We Visited a National Park and a Ranger Brought Up Lynching
What should have been a carefree road trip turned ugly in an instant
While gearing up for my college graduation, my friends and I were struck with the idea of taking the Great American Road Trip. For the months prior, we began a planning spreadsheet. We would begin in Arizona and from there, cover much of the American West: Nevada, California, Oregon, Washington, Idaho, Montana, Wyoming, Utah, and New Mexico, before winding up back in Arizona. Our plan was ambitious, expensive, and to many of our friends and family, rife with potential dangers. So, with a grain of salt, we heeded their warnings and set off with our backpacks and degrees.
“Yeah, that bear would have lynched you girls had you gone down there.”
We were about two weeks in when we crossed from Montana to Wyoming, where we planned to enter Yellowstone National Park. On this first day at Yellowstone, we were determined to see geysers at Black Sands Pool, which is slightly over a one-mile round-trip from the Old Faithful Visitor Center. While the National Parks Service (NPS) has made it quite easy for many of the major sites to be accessible by driving, we found it was often more fun and more convenient to leave the car parked in one area, hike around, and return to it at the end of the day. The park ranger on-duty then encouraged us to exercise caution. Over the last few weeks, a bear had been spotted near there, and this was one of the worst times of year to encounter them because many had just recently given birth. Bears with cubs were hyper-protective, but often dubbed hyper-aggressive.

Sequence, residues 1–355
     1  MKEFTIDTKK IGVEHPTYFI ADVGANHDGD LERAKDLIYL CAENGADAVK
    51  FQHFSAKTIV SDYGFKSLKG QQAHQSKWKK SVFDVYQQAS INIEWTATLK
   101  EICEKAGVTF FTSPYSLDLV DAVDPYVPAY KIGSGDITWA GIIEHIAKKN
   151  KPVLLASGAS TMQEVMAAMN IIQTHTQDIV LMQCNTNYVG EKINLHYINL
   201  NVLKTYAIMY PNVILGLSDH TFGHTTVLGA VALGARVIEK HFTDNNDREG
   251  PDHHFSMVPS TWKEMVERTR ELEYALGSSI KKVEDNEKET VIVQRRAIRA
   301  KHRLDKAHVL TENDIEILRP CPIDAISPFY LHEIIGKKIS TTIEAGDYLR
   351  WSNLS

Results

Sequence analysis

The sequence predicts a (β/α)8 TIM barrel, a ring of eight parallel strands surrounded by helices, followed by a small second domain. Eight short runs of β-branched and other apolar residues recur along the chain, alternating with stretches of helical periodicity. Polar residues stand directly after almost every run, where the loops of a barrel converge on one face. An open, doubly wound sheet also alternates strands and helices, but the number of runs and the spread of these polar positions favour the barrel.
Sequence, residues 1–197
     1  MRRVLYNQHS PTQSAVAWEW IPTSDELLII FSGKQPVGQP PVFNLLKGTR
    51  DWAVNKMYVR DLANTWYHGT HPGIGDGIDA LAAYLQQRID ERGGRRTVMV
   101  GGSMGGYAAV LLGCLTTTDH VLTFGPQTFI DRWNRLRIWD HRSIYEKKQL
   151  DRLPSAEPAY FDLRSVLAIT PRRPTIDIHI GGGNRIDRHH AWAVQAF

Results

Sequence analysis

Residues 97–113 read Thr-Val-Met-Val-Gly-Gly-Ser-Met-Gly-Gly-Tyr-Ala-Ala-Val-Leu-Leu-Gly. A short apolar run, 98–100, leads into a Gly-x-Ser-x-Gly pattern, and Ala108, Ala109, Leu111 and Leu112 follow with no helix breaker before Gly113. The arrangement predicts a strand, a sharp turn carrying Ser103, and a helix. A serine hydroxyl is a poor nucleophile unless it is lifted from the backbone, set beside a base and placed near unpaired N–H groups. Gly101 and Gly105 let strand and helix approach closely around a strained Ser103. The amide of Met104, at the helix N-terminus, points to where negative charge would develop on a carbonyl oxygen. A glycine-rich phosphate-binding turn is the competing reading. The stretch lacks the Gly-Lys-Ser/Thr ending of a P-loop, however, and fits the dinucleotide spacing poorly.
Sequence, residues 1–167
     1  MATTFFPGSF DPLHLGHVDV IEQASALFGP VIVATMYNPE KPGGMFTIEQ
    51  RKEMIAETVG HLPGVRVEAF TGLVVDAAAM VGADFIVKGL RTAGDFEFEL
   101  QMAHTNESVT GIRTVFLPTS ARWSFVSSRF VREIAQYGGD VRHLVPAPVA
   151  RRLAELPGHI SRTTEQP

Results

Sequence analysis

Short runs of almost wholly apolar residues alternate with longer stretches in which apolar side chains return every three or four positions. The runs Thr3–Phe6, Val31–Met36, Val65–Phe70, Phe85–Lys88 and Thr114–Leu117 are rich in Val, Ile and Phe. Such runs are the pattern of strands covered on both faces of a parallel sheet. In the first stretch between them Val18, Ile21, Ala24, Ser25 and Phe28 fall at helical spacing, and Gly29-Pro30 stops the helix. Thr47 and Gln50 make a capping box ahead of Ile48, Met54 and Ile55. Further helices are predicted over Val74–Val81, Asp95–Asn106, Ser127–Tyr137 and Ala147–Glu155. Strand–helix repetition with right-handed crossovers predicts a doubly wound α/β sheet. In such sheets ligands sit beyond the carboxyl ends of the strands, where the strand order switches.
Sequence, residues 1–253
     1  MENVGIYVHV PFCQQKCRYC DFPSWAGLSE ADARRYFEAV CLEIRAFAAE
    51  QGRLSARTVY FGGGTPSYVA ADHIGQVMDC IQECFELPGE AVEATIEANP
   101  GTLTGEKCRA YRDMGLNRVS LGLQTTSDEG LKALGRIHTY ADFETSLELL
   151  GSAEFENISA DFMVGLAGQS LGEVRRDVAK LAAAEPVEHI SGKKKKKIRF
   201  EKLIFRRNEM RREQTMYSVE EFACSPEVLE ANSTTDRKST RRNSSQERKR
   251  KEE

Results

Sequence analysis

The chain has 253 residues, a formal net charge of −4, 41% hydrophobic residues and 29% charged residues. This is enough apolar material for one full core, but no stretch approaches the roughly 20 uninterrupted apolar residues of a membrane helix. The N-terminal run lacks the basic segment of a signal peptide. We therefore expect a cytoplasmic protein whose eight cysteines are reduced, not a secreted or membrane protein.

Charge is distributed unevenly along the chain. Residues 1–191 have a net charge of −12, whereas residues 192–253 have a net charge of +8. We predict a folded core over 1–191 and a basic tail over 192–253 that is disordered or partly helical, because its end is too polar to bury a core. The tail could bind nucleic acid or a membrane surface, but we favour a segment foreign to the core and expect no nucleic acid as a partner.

When we reached the trail to Black Sands, it was expectedly deserted. Not too long after we began walking, another park ranger who we had met earlier came down the path on his bike. We exchanged pleasantries and decided that he would be the perfect person to accompany us forward to Black Sands and provide some additional security. But he sternly declined both our idea and invitation, urging us to follow him to begin the switchback that returned to the main pathway and visitor center. We had walked but 10 feet when he put a hand up to stop and silence us. Beyond the turn, there was a bear with her two cubs.